For most young people who have grown up with smartphones, it's impossible to imagine not having their device with them at all times.
This smartphone dependency can be described as a "veritable obsession," according to Jean M Twenge, a psychology professor at San Diego State University. The young people she interviewed for a recent study almost all slept with their smartphones nearby.
Smartphones are often the last thing people see before they go to sleep and the first thing they look at in the morning Twenge writes in her book "Generation Selfie." Now, even smartphone manufacturers are waking up to the negative consequences of dependency on the devices.
At the recent Apple Worldwide Developers Conference, Craig Federighi, head of software at the company, acknowledged that it was time to deal with the impact of smartphones on everyday life.
"For some of us, it's become such a habit that we might not even recognise how distracted we've become," he said.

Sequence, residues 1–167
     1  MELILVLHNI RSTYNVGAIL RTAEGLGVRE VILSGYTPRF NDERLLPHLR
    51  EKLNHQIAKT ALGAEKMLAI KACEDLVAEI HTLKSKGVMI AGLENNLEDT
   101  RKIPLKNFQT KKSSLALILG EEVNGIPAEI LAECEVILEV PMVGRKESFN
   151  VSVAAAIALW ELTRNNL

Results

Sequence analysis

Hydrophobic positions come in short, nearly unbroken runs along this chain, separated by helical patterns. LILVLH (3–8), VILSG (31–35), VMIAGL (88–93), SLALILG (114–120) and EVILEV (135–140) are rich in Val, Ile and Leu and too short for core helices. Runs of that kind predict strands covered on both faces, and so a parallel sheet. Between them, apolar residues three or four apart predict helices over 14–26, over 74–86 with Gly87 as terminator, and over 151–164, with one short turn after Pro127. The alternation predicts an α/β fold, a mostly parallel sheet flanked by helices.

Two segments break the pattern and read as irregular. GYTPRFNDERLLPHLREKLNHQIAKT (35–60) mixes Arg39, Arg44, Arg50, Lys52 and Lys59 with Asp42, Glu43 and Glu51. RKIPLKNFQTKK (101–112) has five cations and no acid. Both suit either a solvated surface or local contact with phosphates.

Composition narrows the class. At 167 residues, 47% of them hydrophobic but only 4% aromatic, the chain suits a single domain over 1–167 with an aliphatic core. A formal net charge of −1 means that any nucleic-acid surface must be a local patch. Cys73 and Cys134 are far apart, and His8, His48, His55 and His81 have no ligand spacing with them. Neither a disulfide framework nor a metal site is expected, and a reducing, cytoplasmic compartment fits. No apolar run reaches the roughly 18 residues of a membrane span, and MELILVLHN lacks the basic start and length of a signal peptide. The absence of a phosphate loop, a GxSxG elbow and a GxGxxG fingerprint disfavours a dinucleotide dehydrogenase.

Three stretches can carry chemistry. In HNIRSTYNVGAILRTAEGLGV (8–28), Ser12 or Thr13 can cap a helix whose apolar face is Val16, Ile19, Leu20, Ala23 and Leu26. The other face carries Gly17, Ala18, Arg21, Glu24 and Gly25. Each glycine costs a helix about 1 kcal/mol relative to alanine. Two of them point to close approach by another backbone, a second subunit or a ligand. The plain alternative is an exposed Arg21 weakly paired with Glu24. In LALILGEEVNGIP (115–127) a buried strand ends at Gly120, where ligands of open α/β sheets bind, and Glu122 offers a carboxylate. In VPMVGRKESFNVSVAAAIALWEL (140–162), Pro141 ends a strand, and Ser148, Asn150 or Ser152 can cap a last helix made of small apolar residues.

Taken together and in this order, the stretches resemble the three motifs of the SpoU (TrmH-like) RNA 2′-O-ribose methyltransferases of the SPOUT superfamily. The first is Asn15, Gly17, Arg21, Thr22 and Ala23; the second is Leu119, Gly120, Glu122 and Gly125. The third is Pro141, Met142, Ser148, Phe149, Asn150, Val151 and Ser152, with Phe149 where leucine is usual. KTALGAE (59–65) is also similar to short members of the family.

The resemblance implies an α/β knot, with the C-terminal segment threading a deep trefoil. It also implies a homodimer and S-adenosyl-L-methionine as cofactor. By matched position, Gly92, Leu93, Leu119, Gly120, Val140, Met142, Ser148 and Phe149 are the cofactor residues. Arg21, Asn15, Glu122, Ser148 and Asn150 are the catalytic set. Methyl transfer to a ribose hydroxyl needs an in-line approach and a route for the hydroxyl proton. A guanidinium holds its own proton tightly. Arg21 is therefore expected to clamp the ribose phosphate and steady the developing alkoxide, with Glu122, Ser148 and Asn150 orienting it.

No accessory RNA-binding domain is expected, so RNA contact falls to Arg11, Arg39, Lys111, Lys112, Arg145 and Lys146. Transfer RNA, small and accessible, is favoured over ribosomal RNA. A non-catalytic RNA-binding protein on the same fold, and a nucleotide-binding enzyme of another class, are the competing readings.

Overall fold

Earlier this year, Apple shareholders, including the investment firm Jana Partners and a pension fund for teachers in California, issued an open letter to the company demanding that it look at the health impact of its products, particularly on children.
The company is already taking the first steps. The new iOS 12 operating system, which will also run on older iPhone models dating back to 2013, enables users to silence their phones more quickly, for example during dinner, at the cinema or at night.
It also makes it easier to switch off calls, message tones and other alerts. In addition, users will be able to see how much time they spend on individual apps or how many times they check their messages.
They can also set time limits on certain apps or games. Parents can now add tailored controls on their children's smartphones and tablets. For example, they can ensure a device can't be used after a certain time in the evening.
It's also possible to create settings where certain games, social networks and music apps can be shut down, while apps useful for homework or study can still be accessed, for example. Google has also been taking steps to address device dependency.
However, its "Digital Wellbeing" initiative may have less impact as less than 10% of users have the latest Android operating system, and younger people often use older or cheaper models.
For Apple, it makes little difference if people use their phones less once they've purchased the hardware. For companies like Facebook, things are very different. The more users are on the social network the more it benefits, as its main source of income is advertising. — dpa